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BMI International Guidelines

Detailed WHO BMI measurements & their meaning


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  • BMI does not measure body fat percentage. 
  • BMI as a measurement, parallels fatness but is not a direct measure of fat.
  • Interpretation is dependent on where an individual's BMI measure falls within defined weight status designations136. For example an individual whose BMI falls within the BMI range of 18.5 - 25 is considered to have a healthy weight.


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Optimum Median BMI

'The distribution of BMIs in the First World and Western data implies that a median BMI between 20 and 21 is consistent with excellent long-term health in groups of adults but a population median of 20 implies that the third percentile is ±16.0. This is clearly associated with marked morbidity in the developing world and the same is probably true in the West. It is therefore proposed to retain the optimum median at 21-23 with a cut-off point of 18.5 pending further studies. The avoidance of overweight may be more important in Western societies, but for the simplicity of handling data it would seem reasonable for the present to retain the BMI range of 18.5-25.0 as acceptable for individuals and a median population BMI as best within the 21-23 range137.'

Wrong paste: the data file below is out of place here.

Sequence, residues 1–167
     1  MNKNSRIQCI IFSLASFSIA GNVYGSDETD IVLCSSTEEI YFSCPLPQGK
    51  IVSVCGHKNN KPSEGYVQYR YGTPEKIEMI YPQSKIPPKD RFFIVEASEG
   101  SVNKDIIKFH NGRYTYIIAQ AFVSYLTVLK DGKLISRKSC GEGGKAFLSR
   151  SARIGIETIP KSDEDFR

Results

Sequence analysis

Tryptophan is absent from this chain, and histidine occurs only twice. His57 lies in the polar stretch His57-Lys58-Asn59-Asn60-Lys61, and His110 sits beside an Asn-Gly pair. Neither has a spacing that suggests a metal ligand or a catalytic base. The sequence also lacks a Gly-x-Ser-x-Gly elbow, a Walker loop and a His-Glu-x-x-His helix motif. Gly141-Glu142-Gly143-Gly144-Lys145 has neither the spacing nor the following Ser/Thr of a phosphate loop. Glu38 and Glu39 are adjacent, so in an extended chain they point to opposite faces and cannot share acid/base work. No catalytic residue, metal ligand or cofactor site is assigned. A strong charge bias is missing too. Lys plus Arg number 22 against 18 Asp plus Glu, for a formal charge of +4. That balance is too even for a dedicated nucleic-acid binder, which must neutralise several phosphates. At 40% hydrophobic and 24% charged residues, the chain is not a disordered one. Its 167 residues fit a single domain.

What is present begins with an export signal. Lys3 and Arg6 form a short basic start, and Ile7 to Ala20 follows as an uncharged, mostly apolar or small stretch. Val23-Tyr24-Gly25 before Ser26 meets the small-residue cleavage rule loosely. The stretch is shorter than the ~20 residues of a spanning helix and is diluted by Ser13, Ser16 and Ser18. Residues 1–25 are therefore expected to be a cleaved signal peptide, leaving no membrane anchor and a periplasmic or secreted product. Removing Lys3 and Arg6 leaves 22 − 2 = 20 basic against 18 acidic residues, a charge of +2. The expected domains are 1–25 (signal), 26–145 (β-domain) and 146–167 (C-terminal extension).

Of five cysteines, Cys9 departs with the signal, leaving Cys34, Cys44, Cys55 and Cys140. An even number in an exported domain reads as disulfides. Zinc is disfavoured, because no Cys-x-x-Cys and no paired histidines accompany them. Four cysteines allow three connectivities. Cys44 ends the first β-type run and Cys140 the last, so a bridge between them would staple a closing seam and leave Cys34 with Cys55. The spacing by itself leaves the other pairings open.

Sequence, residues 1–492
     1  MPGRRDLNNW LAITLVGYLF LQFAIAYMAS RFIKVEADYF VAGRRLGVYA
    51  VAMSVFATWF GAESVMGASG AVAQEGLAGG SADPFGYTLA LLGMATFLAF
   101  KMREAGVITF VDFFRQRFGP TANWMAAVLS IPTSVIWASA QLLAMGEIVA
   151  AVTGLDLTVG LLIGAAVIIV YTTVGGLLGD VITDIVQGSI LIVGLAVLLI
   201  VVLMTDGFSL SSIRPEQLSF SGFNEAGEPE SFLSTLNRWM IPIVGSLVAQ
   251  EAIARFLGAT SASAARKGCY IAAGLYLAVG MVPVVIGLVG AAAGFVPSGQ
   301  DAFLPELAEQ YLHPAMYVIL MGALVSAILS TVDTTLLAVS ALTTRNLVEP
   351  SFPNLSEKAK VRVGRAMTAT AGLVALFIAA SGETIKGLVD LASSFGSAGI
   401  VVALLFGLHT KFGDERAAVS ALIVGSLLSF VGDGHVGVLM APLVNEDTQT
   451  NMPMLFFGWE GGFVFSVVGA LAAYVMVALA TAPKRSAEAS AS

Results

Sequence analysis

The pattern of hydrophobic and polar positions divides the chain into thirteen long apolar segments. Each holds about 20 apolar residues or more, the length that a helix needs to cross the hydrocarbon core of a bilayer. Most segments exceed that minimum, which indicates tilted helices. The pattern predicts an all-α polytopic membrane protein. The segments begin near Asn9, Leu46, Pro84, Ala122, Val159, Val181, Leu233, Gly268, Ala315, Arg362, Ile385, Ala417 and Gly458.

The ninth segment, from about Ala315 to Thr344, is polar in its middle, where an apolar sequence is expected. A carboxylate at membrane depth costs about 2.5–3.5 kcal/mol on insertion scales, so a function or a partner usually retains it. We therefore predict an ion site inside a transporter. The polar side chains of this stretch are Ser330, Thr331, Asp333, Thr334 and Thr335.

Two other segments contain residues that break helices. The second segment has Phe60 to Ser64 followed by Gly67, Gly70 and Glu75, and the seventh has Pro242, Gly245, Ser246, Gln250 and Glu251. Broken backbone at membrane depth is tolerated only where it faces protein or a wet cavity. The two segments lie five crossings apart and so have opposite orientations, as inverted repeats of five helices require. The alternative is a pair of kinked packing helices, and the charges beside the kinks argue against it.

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BMI & Glycemic Index Risk

An important finding of the Nurses Health Study, was the association of glycemic index [GI] and body mass index [BMI].

It was shown that risk associated with consuming high glycemic index carbohydrates was mainly seen in individuals whose BMI was over 23. No risk was seen in individuals whose BMI was less than 23138.

To calculate your body mass index [BMI] click on the following link: BodyCalculator

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